Hanukah today celebrates both the human and the Divine roles in the partnership between us. This partnership has a mission, which Jews call “tikkun olam,” “repairing the world,” in other words, transforming our world from how it is towards how it should be.

As we approach the darkest days of our year, as we begin the coldest season of the year, Jews observe Hanukah, a re-dedication to our partnership’s mission, a partnership with God, which is available to all peoples. We feel the warmth of the candles, see the brightness of freedom and insight, and hear the songs of faith, liberation, and peace.

A recent song, “Light One Candle,” by Peter Yarrow (of Peter, Paul, and Mary) captures the Hanukah spirit. The first verse is: “Light one candle for the Maccabee children. Give thanks that their light didn’t die. Light one candle for the pain they endured, when their right to exist was denied. Light one candle for the terrible sacrifice justice and freedom demand. Light one candle for the wisdom to know, when the peace maker’s time is at hand.”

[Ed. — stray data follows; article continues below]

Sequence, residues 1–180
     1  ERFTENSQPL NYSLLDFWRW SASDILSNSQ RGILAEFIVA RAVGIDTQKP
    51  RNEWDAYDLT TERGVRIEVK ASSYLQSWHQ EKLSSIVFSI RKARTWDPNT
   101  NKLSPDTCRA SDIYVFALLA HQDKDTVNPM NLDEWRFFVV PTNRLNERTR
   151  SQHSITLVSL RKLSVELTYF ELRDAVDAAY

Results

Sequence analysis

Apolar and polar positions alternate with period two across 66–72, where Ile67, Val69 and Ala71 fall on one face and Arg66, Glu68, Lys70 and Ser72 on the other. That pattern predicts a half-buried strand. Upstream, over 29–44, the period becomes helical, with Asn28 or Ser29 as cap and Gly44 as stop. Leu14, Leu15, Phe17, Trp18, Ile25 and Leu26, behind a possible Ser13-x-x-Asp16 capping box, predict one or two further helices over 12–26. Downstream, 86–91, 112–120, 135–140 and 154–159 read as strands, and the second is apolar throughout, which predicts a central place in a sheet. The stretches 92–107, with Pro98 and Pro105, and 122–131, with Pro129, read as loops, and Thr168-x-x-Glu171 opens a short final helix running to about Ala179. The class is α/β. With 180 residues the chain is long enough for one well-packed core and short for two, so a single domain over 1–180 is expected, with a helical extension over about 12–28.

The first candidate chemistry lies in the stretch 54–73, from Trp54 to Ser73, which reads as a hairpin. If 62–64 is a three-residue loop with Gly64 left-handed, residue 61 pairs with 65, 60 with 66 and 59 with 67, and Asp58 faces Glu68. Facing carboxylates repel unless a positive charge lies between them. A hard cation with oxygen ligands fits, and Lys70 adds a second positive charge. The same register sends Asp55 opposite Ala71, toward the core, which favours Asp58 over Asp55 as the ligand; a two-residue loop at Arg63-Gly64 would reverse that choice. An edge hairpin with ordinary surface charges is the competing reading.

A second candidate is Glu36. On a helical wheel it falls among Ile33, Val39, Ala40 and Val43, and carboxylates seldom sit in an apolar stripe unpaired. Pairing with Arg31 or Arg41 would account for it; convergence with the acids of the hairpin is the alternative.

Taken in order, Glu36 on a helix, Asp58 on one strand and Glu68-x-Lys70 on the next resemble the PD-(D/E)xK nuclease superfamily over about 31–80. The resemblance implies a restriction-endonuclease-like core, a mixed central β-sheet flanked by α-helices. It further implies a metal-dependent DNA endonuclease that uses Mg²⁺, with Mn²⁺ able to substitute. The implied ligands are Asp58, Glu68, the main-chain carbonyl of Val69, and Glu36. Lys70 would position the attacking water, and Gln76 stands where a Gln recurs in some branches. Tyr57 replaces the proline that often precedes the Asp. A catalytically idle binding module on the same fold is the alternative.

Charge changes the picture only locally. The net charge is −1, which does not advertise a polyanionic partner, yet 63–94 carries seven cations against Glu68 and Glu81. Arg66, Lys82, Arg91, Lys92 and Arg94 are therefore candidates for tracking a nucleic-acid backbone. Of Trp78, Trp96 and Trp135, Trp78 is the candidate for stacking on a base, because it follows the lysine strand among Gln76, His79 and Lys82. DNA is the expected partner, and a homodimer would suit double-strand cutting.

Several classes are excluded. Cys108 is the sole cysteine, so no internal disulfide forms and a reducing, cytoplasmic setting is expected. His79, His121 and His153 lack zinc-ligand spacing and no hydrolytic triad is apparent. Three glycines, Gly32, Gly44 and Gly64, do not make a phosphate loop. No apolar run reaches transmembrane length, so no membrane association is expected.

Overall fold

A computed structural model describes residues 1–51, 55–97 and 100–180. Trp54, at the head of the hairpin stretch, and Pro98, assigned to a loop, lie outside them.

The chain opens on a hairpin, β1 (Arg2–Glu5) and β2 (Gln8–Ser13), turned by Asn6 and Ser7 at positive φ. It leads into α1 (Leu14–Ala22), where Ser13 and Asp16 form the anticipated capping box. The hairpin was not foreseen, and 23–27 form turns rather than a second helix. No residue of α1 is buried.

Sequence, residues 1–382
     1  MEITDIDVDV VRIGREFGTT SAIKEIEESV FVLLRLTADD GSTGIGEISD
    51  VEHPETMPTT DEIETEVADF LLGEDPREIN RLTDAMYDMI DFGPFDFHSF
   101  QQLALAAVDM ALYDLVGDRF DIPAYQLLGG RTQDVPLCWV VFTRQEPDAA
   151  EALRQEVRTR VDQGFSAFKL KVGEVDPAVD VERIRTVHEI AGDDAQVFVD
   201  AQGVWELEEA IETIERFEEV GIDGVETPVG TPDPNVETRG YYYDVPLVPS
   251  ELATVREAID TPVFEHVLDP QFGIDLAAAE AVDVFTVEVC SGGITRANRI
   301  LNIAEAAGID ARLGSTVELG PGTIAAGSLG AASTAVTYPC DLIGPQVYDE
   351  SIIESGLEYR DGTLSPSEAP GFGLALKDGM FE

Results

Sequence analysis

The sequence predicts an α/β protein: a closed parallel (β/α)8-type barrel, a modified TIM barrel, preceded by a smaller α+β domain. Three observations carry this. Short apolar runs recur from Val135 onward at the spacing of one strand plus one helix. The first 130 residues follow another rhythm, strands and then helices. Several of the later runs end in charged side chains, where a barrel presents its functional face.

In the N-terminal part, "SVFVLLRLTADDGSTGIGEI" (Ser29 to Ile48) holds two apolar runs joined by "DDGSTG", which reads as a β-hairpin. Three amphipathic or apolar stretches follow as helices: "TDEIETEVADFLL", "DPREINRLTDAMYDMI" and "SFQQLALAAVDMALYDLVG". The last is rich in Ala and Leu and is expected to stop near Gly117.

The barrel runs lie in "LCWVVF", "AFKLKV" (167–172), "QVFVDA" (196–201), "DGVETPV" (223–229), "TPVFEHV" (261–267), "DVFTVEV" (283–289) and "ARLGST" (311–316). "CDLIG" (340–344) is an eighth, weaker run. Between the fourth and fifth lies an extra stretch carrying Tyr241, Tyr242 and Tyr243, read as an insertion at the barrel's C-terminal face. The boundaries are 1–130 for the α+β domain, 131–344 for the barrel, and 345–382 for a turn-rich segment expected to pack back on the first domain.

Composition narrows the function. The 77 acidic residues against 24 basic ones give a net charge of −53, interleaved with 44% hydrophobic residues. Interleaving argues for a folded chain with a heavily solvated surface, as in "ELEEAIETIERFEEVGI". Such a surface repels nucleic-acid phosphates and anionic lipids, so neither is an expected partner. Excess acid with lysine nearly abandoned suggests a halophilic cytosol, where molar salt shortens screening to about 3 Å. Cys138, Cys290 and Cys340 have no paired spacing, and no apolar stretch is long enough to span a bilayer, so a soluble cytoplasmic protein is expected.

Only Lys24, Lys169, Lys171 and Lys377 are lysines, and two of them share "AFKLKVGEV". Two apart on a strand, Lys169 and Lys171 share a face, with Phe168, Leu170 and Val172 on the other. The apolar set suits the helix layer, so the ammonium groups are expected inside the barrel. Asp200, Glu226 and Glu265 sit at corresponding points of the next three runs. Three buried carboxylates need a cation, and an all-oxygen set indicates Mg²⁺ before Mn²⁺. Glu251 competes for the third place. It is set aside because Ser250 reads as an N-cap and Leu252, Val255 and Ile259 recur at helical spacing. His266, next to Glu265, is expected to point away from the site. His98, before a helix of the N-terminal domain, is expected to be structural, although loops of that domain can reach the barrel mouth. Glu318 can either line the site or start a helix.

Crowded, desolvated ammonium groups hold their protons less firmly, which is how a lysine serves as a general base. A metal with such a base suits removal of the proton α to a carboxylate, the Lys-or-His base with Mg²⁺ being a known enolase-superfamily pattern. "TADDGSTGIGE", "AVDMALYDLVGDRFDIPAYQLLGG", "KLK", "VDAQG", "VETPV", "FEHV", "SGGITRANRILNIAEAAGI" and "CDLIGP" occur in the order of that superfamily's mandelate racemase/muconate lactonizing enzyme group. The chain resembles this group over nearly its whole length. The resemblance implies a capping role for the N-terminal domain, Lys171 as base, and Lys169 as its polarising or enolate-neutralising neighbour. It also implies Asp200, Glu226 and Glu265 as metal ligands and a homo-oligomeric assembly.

Hanukah and our current Culture: From another perspective, the Maccabees’ dedication (the meaning of the word, “hanukah”) of the Temple in Jerusalem symbolizes their successful battle to assert the best of Jewish values in place of the worst of the dominant Greek (Hellenistic) values of their time. Miraculously, a leading faction of Jews (the Maccabees and their followers) persistently resisted the powerful, apparently overwhelming, Greek cultural trends, which many Jews choose to follow.

The Greek culture, whose domination the Maccabees rejected, forms the historical basis of our current Western/ American culture. Part of our culture brings wonders — calling us to technological innovation, artistic creation, philosophical inquiry, individual freedom, and economic enterprise. Certain American trends (based not on what we claim to believe, but on how we live) run counter to our Jewish tradition (and counter to the values of most Christians and other Americans). These societal trends include: (1) alienation (emotional isolation and loneliness); (2) material indulgence (not too subtle, each December); (3) a sense of emptiness (life feels meaningless); (4) isolationism (we care little about suffering by others, who are not “us”; and (5) despair (we are convinced that things will inevitably get worse). All of these result, when our fears override our love. The Maccabees symbolize resistance to those trends.